Few players in Arizona are generating more questions than Lake. The shortstop is hitting .355 in 15 games with four home runs and 11 stolen bases. The tools have always been there; Lake has above-average raw power, average-at-best speed, and one of the best arms you'll find. While he made progress in his second go-around in the Florida State League this year, his second half of the season in Double-A still presented plenty of questions about his ability to hit the breaking ball and whether his physical growth will keep him from playing up the middle. Teams have inquired about Lake in the past, wanting to convert him to the mound, and in the minds of many, this AFL showing is just delaying that opportunity.

Wil Myers, OF, Royals
Big things were expected for Myers in 2010, as he was moving from behind the plate to focus solely on his offense. Instead, injuries and a lingering infection affected him throughout the year, and his .254/.353/.393 showing for Double-A Northern Arkansas doesn’t seem like it can be completely explained away by maladies. The good news is that Myers is still six weeks short of his 21st birthday, so there's still plenty of time for adjustments, and he's been nothing short of remarkable for Surprise, going 16-for-43 with 14 walks for a cool .526 on-base percentage. Scouts who didn't see Myers during the regular season are raving about him the way scouts did in 2010, so maybe it was just the injuries. Regardless, he still has plenty of time.

Matt Purke, LHP, Nationals
Purke was a lightning rod of a subject in the days leading up to the 2011 draft. Entering the spring as a potential first overall pick, Purke never looked right during the season, often struggling to get out of the mid- to upper 80s with his fastball. Purke even had a visit to Dr. James Andrews, who diagnosed him with bursitis, but no permanent damage. Purke’s performance, injury risk, and no reduction in bonus demands dropped him to the third round, where the aggressive Nationals scooped him up and finally got him to sign at the deadline for $2.75 million. Making his first start for the Scorpions on Friday, Purke faced eight batters and retired one while also walking one, hitting another, and giving up two doubles, a triple, and a home run. While he's been getting into the low-90s with his fastball, his command is all but nonexistent, his slider is flat, and his changeup isn’t deceptive. Rustiness and still not being 100 percent certainly are factors here, but at the same time, Purke doesn't seem any less risky of a player than he was in May.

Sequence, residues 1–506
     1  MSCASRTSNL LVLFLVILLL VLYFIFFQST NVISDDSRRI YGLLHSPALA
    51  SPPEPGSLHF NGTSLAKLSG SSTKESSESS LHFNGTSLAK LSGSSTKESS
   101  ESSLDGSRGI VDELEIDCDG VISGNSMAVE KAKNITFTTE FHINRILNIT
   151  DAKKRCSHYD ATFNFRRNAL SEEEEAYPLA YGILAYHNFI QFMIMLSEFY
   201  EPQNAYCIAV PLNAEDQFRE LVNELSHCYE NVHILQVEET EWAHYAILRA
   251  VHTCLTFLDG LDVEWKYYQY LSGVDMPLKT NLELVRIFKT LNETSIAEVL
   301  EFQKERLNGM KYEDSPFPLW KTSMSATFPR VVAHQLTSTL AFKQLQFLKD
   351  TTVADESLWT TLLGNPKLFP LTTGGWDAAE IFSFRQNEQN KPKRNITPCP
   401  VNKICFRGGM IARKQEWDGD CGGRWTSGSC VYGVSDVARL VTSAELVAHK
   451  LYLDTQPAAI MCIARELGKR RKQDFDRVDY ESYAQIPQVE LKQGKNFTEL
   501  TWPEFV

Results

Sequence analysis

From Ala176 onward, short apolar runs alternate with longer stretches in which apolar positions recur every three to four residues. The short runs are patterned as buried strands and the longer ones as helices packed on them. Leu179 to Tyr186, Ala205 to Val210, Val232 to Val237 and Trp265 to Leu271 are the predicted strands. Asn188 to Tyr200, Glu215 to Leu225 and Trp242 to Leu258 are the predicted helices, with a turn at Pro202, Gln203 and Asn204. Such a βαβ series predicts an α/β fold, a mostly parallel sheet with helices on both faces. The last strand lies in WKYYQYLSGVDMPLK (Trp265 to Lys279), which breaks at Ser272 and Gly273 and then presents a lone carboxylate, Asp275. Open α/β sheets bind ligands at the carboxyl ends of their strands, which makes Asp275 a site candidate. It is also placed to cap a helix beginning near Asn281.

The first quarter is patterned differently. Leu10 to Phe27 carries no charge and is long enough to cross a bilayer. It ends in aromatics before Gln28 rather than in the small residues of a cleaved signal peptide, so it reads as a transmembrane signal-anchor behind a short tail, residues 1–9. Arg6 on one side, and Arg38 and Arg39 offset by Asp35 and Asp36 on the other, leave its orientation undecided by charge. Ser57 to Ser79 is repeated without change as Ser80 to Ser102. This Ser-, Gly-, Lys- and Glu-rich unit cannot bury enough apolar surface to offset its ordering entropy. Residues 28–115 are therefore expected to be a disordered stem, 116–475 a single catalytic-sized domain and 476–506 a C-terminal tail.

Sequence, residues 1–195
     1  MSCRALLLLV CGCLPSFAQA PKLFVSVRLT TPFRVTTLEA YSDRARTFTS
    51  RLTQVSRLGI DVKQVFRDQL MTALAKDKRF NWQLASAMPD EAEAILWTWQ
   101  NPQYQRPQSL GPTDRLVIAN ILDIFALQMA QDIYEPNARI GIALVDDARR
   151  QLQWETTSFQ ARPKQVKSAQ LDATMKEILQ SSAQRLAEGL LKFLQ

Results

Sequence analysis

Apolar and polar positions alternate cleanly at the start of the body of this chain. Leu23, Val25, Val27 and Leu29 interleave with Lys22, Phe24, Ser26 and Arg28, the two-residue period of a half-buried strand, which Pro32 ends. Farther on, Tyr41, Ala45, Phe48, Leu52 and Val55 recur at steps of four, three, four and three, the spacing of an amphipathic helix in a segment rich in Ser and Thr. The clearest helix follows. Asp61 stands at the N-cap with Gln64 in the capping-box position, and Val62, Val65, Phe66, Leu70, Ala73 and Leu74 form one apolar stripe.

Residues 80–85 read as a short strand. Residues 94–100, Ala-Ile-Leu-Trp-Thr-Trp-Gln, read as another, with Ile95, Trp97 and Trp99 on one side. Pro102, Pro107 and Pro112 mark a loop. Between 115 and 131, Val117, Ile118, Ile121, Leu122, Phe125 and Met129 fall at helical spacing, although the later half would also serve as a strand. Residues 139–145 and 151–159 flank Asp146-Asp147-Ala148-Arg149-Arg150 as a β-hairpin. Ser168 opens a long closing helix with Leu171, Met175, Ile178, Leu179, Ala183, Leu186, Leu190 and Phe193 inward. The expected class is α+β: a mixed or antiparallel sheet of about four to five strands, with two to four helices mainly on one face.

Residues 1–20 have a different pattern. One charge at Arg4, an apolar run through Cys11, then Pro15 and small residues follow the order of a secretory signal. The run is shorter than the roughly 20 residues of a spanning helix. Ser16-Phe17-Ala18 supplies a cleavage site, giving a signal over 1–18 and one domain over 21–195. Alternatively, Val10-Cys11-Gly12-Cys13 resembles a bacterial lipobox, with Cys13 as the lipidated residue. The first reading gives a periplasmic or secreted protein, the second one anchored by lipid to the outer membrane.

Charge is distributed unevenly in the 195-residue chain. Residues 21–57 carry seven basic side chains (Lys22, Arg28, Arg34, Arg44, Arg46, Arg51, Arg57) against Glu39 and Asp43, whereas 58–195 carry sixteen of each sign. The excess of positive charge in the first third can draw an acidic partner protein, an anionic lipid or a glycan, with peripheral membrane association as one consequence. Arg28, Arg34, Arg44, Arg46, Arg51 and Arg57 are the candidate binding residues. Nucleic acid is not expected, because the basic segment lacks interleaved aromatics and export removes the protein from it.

Forrest Snow, RHP, Mariners
No reliever has made more noise in Arizona than Snow, as much for has great name as his out-of-nowhere status. A 36th-round pick last year as a local product out of the University of Washington, the 6-foot-6 righty has a pro body, but it comes with pedestrian stuff and control issues. Some mechanical tuning has turned Snow into a very real candidate for the 2012 major-league bullpen, as he went from Low- to Triple-A this year while striking out 127 in 143 1/3 innings. In four AFL appearances, he's given up just one hit over 8 2/3 innings while punching out 10. His 90-95 mph velocity is good, but what makes his fastball so special is its movement, including explosive late life and plenty of arm-side run. While neither of his secondary pitches are special, Snow’s changeup is ahead of his curve, and even if he's just a seventh-inning type, that's one helluva find for the 36th round.

Joey Terdoslavich, 1B, Braves
Terdoslavich created some buzz among Braves fans during the regular season when he hit .286/.341/.526 for High-A Lynchburg with 52 doubles and 20 home runs. That buzz has picked up after 10 games for the Saguaros; he has gone 18-for-39 (.462) with a home run. Unfortunately, Terdoslavich falls under the doom of most first-base prospects; simply being good isn't enough. Yes, he can hit, but he doesn't have the kind of power normally associated with the position, he doesn't walk much, and as good as his season was in the Carolina League, he's actually a year older than Freddie Freeman. You need to be almost perfect to be a good first-base prospect, and Terdoslavich is far from that.